There are a lot of people who wish we would talk about climate change more than we do. Especially during election years, when sensibilities become even more partisanly tuned, it’s one of those issues that signals to some people (correctly or not) where an organization’s sensitivities lie on a broad number of issues. Many people want that affirmation. The fact that we don’t focus on climate as a driving passion is a turn off, even a deal killer, for some.
Strong Towns is a bottom-up revolution calling for bottom-up action. It is difficult to detangle the conversation on how to respond to climate change from the corresponding top-down political agenda that accompanies it. Like it or not, the national conversation on climate change is coded for people who are not only comfortable with broad, aggressive, top-down action, they demand it.
For example, I was a recently a guest on the Volts podcast where the host, David Roberts, asked me this question (time stamp 1:06:48):
Do you see bottom-up reform in cities moving fast enough, or being dramatic enough, to get a handle on greenhouse gas emissions? I can envision a lot of good things coming out of bottom-up [action], but it’s real hard for me to envision climate change coming under control without some centralized, top-down action.
The question is framed as an either/or—two mutually exclusive paths. Of course, it doesn’t necessarily need to be, but I answered the question in that way. Here’s my reply:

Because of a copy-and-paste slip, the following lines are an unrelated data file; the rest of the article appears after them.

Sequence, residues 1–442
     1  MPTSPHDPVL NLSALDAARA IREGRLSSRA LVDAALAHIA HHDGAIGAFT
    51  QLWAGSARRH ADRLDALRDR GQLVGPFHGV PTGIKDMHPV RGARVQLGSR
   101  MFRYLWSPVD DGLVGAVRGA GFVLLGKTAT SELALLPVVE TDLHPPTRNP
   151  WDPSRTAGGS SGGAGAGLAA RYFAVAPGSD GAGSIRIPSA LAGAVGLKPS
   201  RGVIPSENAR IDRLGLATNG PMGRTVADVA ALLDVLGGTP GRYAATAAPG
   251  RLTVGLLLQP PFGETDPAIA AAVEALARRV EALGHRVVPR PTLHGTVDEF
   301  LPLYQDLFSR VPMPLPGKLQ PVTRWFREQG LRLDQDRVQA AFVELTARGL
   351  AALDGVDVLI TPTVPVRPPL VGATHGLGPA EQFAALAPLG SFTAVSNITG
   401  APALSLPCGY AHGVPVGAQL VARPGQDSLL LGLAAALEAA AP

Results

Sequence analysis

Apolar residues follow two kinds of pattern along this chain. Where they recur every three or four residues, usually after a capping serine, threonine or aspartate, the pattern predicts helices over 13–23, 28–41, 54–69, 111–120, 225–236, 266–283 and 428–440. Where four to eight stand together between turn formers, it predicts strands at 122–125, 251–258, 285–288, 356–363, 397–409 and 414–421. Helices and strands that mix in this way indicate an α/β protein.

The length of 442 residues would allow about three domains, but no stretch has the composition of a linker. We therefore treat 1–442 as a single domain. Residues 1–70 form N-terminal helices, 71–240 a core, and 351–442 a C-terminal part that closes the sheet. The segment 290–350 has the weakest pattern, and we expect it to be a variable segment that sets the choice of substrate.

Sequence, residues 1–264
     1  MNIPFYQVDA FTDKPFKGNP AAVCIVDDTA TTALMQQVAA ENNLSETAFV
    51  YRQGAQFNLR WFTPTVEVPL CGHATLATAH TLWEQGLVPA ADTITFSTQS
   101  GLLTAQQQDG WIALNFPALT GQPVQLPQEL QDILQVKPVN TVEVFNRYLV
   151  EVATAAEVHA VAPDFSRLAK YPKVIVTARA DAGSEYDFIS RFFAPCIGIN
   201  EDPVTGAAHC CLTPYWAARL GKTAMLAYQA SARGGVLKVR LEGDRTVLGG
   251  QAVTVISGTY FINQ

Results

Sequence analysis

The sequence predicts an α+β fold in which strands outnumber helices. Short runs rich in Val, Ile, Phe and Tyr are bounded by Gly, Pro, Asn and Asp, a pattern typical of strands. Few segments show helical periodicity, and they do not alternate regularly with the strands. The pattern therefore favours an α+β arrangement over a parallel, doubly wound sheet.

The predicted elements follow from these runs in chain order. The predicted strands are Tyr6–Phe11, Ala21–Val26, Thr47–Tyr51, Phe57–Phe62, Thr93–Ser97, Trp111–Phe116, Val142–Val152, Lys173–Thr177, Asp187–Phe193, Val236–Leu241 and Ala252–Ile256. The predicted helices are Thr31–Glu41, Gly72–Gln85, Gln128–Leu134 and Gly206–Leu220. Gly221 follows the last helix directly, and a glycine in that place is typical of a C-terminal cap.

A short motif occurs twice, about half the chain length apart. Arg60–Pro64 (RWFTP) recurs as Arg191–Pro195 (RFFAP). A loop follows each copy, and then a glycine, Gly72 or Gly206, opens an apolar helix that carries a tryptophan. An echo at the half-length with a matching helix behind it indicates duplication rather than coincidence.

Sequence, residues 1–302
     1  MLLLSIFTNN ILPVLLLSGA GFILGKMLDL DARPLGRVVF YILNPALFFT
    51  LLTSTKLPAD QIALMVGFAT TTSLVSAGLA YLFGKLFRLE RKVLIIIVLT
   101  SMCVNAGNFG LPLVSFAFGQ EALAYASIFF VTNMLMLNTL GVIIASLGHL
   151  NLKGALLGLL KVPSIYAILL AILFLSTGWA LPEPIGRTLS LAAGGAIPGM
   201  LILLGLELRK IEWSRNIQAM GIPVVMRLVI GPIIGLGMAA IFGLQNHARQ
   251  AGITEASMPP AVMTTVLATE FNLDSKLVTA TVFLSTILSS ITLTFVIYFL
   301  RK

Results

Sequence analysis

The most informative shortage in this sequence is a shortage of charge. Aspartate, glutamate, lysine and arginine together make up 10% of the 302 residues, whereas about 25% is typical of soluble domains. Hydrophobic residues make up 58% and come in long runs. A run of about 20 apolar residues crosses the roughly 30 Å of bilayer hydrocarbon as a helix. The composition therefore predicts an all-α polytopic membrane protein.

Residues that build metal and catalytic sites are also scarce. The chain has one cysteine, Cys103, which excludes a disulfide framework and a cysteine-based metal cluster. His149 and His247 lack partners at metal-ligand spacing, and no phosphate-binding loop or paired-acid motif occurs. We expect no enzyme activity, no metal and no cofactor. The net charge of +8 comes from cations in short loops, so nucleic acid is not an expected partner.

Let me make this a fair question. So, we have Option A, which is some type of a top-down action to address climate change. And we have Option B, which is a bottom-up action to address climate change. And Option A and Option B are in a race against each other to see who can get to where we need to be.
What I would suggest to you is that Option A has zero chance, or near zero chance, of getting to the finish line. People can argue with that and say, “If we just got an overwhelming number of people elected…”
Look, the most dedicated-to-climate-change president that has ever been has just done a gas tax holiday. We’re not at some tipping point where people are serious about it.
People ask me: What’s the number one strategy we can do at the local level to build a strong town? I’m like, one, go out and plant trees. Street trees are the lowest-cost, highest-returning investment that can be made.
Now, you tell me, if your strategy is to get the right people elected, they need to have the guts to pass the right package, to do the right stuff, so that we get some action on climate change… Or, we can make a bottom-up choice to emphasize communities that plant trees, get people walking, and get rid of parking—which one is going to be further along the race a decade from now?
I don’t even think it’s close.
As it relates to Strong Towns, the climate change issue is difficult to talk about because it is so heavily coded for top-down action. That coding crowds out—and often negates—serious conversations about bottom-up strategies, particularly approaches that would have greater impact while also having broader political appeal. See the question above: either/or, mutually exclusive. It is difficult to detangle what part of this is a political strategy to motivate people to vote for a specific national team and which part is a genuine policy strategy to pass important legislation. The conversation becomes even more problematic when bad federal infrastructure legislation is marketed as climate action.